Bring in Ed Fendell, NASA scientist and imaging specialist. He manually sent the commands to the camera on the Moon three seconds early to compensate for the delay and the move worked perfectly. If you watch it on YouTube, keep in mind the effort involved in predicting and following the ship’s path and consider the fact that, no matter how minor or unimportant a particular event seemed to be, dedicated individuals give it their best shot and sometimes it turns out really well.

You can give observing your best shot this month, and chances are your efforts will be rewarded. There are great things to see in all directions, even with Comet NEOWISE now on its way out.

Start on the southern horizon and locate Sagittarius (look for the “Teapot”) and Scorpius. To the left (east) of the Teapot you will notice two very bright objects, the planets Jupiter, right, and Saturn, left. Explore these worlds with anything from a small telescope to sophisticated imaging technology.

Next, look overhead and see the Summer Triangle. Look it up before you venture out and see if you can pick out Vega, Deneb, and Altair and name their constellations. If you are in a dark location, see if you can imagine the Swan and the Eagle flying along the celestial river called the Milky Way.

Now face due north and enjoy the sight of both the Big and Little Dippers. Find Polaris, the North Star. Look down toward the NE horizon and find the W-shaped constellation, Cassiopeia.
This is what I consider to be the start of observing season – pretty good weather, time available, and great things to see up in the sky.

This month in history:
August 1: Production of Saturn V rocket ends – 1968
August 2: First televised liftoff of lunar module – Apollo 15’s “Falcon” – 1971
August 3: First in-flight space shuttle repair – 2005
August 6: Curiosity rover lands on Mars – 2012
August 18: Helium discovered in the Sun – 1868
August 25: Spitzer Space Telescope launched – 2003
August 28: William Herschel discovers Enceladus, a moon of Saturn – 1789

Jun 01

What’s Up in the Sky

What’s Up in the Sky – June, 2020

Spaceships, Galaxies, and Planets, Oh My

A newspaper column with a name like What’s Up in the Sky probably should be about things that are visible when you go outside and look up. Of course, loyal followers of the column know that its topics often include famous people, places, and events related to the science and history of astronomy. These topics usually appear when the sky offers less than memorable views or when the fun stuff can only be seen an hour or two before sunrise. So today I offer a potpourri of unrelated topics in an attempt to expand my readership.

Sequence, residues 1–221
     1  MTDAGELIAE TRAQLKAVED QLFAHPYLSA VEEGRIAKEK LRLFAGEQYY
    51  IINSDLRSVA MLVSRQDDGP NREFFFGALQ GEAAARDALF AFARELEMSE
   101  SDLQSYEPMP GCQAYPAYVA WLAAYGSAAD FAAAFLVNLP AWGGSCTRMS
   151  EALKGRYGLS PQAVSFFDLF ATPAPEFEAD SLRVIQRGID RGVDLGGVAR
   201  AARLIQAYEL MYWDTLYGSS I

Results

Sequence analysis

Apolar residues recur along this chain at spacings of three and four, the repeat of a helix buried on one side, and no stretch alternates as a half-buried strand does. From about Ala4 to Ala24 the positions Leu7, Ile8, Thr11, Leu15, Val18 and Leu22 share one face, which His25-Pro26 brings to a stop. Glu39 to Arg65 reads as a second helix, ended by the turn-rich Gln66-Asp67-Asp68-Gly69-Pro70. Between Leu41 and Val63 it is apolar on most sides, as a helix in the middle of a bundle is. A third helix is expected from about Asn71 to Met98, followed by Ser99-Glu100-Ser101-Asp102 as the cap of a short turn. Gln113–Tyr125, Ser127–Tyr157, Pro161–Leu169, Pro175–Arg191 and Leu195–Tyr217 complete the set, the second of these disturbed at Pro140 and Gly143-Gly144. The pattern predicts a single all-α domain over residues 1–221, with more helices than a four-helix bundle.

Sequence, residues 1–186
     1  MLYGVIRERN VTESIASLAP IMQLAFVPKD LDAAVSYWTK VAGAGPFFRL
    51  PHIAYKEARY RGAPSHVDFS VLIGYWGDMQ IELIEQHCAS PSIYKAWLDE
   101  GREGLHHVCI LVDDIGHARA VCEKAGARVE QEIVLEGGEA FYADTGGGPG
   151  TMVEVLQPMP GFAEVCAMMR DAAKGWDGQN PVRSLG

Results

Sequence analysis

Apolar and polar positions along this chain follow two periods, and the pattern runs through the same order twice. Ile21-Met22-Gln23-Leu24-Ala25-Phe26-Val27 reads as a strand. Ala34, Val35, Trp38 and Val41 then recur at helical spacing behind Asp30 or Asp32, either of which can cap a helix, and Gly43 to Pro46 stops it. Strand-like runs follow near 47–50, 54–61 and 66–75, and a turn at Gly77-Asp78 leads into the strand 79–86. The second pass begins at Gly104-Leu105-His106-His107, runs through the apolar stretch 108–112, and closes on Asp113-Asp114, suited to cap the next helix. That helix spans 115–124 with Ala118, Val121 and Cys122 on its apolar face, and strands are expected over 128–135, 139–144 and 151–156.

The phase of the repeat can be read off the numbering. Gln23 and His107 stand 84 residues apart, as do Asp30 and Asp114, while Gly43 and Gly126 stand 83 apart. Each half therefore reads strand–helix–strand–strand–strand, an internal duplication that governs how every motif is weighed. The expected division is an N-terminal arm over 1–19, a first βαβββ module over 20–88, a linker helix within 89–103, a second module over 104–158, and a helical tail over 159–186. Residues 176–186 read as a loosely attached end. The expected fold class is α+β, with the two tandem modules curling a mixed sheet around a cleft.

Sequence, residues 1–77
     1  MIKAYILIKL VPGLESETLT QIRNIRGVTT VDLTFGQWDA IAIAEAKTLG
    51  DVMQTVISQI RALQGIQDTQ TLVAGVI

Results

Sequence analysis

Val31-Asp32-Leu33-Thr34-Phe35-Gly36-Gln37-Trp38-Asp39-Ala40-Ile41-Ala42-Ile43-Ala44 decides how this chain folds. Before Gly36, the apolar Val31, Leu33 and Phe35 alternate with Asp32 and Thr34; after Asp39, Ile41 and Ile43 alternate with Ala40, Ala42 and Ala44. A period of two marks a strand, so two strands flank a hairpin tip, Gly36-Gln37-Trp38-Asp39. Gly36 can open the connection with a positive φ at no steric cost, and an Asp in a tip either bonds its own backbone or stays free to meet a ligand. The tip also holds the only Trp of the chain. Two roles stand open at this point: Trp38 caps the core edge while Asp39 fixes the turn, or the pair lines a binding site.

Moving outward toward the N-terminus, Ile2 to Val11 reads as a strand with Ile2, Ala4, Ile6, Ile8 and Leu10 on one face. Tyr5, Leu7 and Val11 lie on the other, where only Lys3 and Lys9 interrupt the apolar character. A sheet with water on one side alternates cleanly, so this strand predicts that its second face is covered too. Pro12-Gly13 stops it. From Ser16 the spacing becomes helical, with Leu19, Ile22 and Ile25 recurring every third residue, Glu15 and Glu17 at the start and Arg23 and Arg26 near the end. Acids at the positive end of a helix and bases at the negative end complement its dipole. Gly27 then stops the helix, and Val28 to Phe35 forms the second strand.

I am old enough to remember the days of Sputnik, John Glen, and Apollo 13. After the last two Moon landings were cancelled we saw leftover Saturn rocket parts become SkyLab and watched astronauts cavort around the spacious accommodations sucking up floating liquids and playing with gyroscopes.

Then NASA embarked on a mission to take women and men into space on a regular basis in a reusable spacecraft to do important work – like putting the Hubble Space Telescope into orbit. But the Space Shuttle didn’t work out as we had hoped. It was massively complicated, difficult to service and extremely expensive. The Challenger and Columbia disasters more or less sealed its fate. The last shuttle launch was July 8, 2011, and since then all our astronauts have traveled to the International Space Station (ISS) on Soyuz rockets launched from Russia.

That’s about to change and if yesterday’s launch of the SpaceX Crew Dragon was successful, it already has. We are now in the era of private ownership of satellites, launch vehicles, and manned spacecraft. Soon we will have space tourism and commercial space travel a la 2001: A Space Odyssey.

Launched on Falcon 9 rocket, NASA astronauts Robert Behnken and Douglas Hurly will reach the ISS 24 hours later when the Crew Dragon docks itself. They will join the three astronauts currently on board.

Although the mission was first planned to last only two weeks, NASA released a statement that “the specific mission duration will be determined once on station based on the readiness of the next commercial crew launch.” This historic event marks not only the first humans launched into space on a privately owned spacecraft but also the first manned rocket to be launched from U.S. soil in nine years.

Next, I recently received an inquiry from a friend regarding the colors of galaxies as seen in photos from The Hubble Space Telescope. The HST uses CCDs to record incoming photons of light and it is sensitive not only to visible light, but also infrared and ultraviolet light which are invisible to the human eye. A star’s color depends on several factors, temperature, age, mass, size, but mostly temperature. So astronomers learn a great deal about the star’s temperature and chemical composition by analyzing the colors of the light it emits.